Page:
Modern Revolutions and the Idea of Europe

Modern Revolutions and the Idea of Europe

Efi Gazi (University of the Peloponnese); George Giannakopoulos (Academy of Athens/King’s College London); Kostis Gotsinas (EFA); Kate Papari (University of the Peloponnese, Freie Universität, Hellenic Open University Press) (University of the Peloponnese; École Française d’Athènes (EFA); Institut für Griechische und Lateinische Philologie/ Centrum Modernes Griechenland (CeMoG), Freie Universität Berlin; Hellenic Open University; Institute for the Study of Ideas of Europe (ISIE), University of East Anglia)
University of the Peloponnese; École Française d’Athènes (EFA); Institut für Griechische und Lateinische Philologie/ Centrum Modernes Griechenland (CeMoG), Freie Universität Berlin; Hellenic Open University; Institute for the Study of Ideas of Europe (ISIE), University of East Anglia
106 80
Vom - Bis
09.09.2021 - 11.09.2021
Florian Greiner, Stiftung Reichspräsident-Friedrich-Ebert Gedenkstätte, Heidelberg

The conference focuses on modern revolutions as social, political, cultural and intellectual events, and as transformative processes. It turns a critical eye on the conceptualization of the term “revolution”. It investigates the evolving ideas, perceptions and images about Europe in the context of revolutionary politics. It explores how modern revolutions have affected discourses about Europe.

Modern Revolutions and the Idea of Europe

Revolutions and rebellions have been a constant feature of the history of the modern age. Examples abound from the “Glorious” and the “Industrial” to the French and the American Revolutions; from the Haitian to the Greek Revolution and the Revolutions of 1848; from the Russian Revolution to the Mexican, the Chinese and the Iranian Revolution; from the anti-colonial uprisings of the twentieth century to the “velvet”, “rose” and “orange” revolutions of the twenty-first century. As moments of rupture and radical change, revolutions accelerate historical time, challenge existing hierarchies and mark the advent of new social, political and cultural formations and constellations; they unite and divide. Revolutions also constitute critical processes for the reconfiguration of conceptions of Europe. Ideas about Europe can be discovered at the intersection of political discourses, structures of power, geopolitical perspectives and identity projects. The history of modern revolutions offers a prime opportunity to re-examine and re-think European historical realities and recover the making of ideas about Europe in the modern age; revolutions have been central to discussions about Europe’s pasts and futures, and have shaped the continent’s political and cultural heritage.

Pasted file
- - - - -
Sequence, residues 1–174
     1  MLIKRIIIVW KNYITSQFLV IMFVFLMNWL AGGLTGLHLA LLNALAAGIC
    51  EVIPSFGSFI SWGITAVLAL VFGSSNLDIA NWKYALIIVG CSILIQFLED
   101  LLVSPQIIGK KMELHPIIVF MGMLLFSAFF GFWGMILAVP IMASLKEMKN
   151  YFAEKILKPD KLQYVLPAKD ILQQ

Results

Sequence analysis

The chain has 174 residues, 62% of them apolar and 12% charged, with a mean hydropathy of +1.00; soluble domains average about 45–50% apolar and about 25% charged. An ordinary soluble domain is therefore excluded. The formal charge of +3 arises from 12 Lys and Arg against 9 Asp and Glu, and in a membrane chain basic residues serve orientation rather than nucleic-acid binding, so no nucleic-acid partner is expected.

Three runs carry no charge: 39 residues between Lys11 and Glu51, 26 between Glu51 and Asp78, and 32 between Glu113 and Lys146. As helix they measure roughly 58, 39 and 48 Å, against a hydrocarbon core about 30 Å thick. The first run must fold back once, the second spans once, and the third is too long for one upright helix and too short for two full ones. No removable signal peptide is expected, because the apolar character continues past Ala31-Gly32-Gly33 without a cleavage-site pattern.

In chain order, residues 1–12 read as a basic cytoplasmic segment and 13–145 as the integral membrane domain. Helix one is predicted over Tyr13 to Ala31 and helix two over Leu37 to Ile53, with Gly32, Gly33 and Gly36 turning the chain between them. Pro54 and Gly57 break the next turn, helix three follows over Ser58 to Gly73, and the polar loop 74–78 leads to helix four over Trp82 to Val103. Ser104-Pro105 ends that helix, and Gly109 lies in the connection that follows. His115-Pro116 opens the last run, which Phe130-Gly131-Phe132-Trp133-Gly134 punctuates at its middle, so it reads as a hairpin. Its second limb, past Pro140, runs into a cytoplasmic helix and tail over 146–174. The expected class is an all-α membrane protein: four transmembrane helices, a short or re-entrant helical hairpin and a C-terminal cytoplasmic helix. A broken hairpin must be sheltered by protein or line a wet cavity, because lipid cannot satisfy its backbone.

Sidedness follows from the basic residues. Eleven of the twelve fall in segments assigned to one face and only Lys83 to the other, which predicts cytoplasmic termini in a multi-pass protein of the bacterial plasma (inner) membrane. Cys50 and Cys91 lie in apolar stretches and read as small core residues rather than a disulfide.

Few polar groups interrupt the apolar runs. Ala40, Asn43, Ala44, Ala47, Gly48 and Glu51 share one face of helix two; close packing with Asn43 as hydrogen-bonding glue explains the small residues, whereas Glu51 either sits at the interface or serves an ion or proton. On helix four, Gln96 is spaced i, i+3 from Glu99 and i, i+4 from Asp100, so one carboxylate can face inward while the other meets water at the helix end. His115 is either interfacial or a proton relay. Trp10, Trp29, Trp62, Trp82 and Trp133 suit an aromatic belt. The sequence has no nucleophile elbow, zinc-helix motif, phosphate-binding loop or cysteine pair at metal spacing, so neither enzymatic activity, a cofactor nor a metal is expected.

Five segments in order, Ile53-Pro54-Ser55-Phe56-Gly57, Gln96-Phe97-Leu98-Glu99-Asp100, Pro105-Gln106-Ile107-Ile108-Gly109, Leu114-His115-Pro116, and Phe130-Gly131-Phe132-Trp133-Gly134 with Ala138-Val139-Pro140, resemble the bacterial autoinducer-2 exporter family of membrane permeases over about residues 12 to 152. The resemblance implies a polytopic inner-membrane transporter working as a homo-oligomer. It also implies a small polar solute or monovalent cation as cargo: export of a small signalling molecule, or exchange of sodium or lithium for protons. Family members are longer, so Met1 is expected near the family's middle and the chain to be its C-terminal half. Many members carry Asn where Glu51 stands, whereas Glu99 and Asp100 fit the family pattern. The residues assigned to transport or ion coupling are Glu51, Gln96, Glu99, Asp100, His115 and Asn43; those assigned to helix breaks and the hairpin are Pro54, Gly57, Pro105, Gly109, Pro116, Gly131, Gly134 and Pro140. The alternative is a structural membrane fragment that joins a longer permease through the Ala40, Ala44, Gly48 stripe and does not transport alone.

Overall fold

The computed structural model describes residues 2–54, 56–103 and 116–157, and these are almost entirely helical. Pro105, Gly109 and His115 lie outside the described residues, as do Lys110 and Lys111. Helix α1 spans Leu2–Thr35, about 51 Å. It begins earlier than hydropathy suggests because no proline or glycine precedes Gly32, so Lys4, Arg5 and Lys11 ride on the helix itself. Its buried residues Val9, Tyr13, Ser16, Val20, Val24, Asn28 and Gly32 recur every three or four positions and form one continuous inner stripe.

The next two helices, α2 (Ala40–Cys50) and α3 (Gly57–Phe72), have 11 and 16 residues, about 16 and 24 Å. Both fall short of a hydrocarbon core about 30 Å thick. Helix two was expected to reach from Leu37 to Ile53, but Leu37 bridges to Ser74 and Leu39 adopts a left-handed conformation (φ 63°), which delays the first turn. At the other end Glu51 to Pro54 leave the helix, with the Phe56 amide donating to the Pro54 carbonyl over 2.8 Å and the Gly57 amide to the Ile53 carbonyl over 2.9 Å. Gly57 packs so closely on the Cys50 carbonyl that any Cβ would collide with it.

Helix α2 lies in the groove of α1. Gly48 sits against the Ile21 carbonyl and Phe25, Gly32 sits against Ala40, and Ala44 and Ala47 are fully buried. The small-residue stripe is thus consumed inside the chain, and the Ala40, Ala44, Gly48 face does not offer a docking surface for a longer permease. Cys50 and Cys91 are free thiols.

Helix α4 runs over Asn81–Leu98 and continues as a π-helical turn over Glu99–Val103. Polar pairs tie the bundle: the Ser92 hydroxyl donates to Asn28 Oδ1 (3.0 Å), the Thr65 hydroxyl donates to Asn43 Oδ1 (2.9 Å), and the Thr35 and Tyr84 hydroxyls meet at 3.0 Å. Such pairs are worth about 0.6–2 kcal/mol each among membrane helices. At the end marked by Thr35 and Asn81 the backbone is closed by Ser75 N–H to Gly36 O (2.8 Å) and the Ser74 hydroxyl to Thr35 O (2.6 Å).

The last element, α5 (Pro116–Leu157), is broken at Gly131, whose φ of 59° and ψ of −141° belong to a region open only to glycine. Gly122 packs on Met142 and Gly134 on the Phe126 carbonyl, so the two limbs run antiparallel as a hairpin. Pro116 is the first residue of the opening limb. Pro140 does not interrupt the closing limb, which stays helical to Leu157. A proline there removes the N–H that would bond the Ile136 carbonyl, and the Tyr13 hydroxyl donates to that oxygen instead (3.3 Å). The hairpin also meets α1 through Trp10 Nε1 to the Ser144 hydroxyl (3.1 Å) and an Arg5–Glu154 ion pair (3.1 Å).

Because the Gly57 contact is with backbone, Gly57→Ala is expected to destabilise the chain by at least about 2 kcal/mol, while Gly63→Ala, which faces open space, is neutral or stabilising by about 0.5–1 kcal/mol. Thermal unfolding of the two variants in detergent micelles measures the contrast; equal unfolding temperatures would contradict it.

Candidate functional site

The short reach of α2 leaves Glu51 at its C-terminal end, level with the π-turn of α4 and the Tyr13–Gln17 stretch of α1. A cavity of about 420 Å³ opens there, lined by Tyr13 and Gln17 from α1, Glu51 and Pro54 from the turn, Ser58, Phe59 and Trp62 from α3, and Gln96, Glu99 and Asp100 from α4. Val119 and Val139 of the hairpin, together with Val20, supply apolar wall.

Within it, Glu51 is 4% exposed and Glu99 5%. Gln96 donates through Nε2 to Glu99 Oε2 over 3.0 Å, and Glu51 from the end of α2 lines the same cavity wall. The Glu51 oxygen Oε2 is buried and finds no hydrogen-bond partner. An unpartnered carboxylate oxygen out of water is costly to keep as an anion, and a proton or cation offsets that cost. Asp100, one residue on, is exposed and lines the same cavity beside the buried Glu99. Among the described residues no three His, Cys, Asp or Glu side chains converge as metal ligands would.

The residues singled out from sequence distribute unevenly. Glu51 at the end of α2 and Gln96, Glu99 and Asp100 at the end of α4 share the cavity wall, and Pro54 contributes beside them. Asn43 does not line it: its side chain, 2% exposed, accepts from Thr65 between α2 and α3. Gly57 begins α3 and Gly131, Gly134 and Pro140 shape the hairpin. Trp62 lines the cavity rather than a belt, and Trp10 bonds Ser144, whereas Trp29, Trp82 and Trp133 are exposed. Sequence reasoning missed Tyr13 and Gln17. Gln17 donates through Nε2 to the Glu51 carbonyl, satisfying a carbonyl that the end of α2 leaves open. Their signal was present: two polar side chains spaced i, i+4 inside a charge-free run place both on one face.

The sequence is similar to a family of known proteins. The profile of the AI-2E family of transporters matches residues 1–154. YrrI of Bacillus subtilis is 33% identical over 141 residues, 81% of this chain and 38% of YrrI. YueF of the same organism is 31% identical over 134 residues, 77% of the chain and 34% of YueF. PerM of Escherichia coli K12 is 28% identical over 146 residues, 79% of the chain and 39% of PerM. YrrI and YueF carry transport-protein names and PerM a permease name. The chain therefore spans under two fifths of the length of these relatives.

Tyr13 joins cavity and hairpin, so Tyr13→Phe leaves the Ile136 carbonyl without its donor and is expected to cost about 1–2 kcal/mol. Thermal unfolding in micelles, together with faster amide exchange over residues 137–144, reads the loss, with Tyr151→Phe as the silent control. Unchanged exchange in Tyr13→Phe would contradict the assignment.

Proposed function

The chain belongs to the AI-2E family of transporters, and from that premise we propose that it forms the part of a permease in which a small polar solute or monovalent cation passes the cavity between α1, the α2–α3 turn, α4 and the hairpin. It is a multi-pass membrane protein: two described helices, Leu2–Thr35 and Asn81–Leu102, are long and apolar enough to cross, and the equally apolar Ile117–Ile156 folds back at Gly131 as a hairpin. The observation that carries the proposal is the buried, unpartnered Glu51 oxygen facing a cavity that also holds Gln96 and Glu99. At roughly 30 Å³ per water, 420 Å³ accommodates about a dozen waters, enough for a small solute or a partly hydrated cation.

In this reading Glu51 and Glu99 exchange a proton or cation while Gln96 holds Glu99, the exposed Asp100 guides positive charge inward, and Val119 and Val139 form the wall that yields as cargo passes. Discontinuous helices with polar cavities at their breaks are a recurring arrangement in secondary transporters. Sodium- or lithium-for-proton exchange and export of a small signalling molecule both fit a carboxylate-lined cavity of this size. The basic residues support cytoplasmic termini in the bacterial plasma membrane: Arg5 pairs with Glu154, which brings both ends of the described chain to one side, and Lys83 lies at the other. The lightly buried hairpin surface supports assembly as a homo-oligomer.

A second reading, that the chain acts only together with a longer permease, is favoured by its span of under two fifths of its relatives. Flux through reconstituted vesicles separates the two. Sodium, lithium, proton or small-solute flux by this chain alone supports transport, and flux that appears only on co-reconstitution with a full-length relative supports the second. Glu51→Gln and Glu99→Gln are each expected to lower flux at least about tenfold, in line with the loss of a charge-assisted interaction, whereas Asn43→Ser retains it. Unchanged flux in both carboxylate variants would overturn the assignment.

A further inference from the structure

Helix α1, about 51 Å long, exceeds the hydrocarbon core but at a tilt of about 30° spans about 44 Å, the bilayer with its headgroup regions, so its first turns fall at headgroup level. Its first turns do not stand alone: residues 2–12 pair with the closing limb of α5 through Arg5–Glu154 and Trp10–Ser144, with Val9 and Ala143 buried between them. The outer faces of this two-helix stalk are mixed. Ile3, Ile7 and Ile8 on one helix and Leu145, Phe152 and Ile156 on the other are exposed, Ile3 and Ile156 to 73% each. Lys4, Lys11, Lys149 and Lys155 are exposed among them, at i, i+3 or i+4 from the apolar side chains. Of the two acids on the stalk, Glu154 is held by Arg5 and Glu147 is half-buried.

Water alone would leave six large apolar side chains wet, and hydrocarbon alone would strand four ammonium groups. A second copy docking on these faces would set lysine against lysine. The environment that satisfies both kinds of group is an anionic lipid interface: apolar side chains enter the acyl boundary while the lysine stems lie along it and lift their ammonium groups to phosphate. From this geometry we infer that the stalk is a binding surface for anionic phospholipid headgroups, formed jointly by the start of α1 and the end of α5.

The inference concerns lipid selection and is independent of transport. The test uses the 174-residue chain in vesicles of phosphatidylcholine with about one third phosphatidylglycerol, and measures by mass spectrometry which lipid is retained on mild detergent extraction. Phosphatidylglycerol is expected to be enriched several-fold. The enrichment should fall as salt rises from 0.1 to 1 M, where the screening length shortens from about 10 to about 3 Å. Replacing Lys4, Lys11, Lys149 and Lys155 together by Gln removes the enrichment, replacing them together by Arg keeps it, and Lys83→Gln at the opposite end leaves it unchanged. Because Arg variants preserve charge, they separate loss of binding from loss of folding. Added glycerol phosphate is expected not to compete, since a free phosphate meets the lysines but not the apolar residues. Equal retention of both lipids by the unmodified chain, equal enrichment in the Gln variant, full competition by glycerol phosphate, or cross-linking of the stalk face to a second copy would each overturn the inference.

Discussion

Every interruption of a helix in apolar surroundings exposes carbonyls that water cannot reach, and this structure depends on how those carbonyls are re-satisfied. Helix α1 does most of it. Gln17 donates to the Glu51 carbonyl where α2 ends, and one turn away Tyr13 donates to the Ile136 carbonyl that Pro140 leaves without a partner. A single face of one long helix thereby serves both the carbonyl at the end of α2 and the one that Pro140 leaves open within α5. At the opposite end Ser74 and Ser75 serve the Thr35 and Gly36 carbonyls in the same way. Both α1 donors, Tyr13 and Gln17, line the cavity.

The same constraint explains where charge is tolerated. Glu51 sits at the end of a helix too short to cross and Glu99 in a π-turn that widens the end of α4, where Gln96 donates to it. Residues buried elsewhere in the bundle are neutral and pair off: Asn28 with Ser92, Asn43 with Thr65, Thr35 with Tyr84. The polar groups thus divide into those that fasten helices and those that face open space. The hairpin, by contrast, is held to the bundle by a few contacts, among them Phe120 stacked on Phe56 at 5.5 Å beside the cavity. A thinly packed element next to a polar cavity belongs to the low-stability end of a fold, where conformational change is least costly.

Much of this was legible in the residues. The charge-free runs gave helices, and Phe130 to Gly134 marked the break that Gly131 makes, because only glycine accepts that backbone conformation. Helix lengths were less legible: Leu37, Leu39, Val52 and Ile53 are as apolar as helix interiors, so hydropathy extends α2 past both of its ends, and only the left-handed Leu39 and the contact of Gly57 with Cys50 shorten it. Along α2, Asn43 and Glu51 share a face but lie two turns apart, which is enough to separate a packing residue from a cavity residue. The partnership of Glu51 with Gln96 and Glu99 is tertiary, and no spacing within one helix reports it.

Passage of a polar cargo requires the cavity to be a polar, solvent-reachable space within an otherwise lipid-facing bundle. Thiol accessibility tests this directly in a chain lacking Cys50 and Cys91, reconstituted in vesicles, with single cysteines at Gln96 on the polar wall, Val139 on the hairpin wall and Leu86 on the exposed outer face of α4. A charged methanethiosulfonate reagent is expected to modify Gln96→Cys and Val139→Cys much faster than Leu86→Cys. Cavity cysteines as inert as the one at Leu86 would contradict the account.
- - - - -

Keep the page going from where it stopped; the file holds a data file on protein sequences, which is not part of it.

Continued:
The 12th Annual Conference of the Research Network on the History of the Idea of Europe will be hybrid due to the COVID-19 pandemic, allowing for both on-site presentations in Athens as well as online presentations. The conference platforms will be Zoom (Thursday and Friday) and Webex (Saturday). For more information (and the registration links), please visit:


Thursday, 9 September
Venue: École Française d’Athènes

Opening / Welcome: 09:30–10:30
Panel 1: 10:30–12:30
Languages, Concepts, Rhetoric

Sara Sermini, “What is to be done? The language of rebellion from Russia to Europe”

Mehmet Dosemeci, “Movement, revolution, disruption”

Sam Kuijken, “The Comte de Ferrand’s Théorie des révolutions: a conceptualization of revolutions by a forgotten mind of the French counter-revolution”

Ágoston Nagy & Henrik Hőnich, “From ‘revolutio’ to ‘forradalom’: a conceptual history of ‘revolution’ in the Hungarian social-political vocabulary of the first half of the 19th century”

Chair: Efi Gazi

Coffee / Tea Break: 12:30–13:00

Keynote 1: 13:00–14:00

Sylvie Aprile, L’exil comme expérience et laboratoire de l’idée européenne

Lunch Break: 14:00–15:00

Panel 2: 15:00–16:30
Conservative Revolutions

Iason Zarikos, “Do conservatives revolt? Of Europe, kings and new beginnings”

Matthijs Lok, “Moderate monarchism and conservative Europeanism in the post- revolutionary era” (online)

Carolina Armenteros, “The conservative making of Italy’s liberal monarchy: Joseph de Maistre and the origins of the Risorgimento, 1804-1861” (online)

Chair: Gilles de Rapper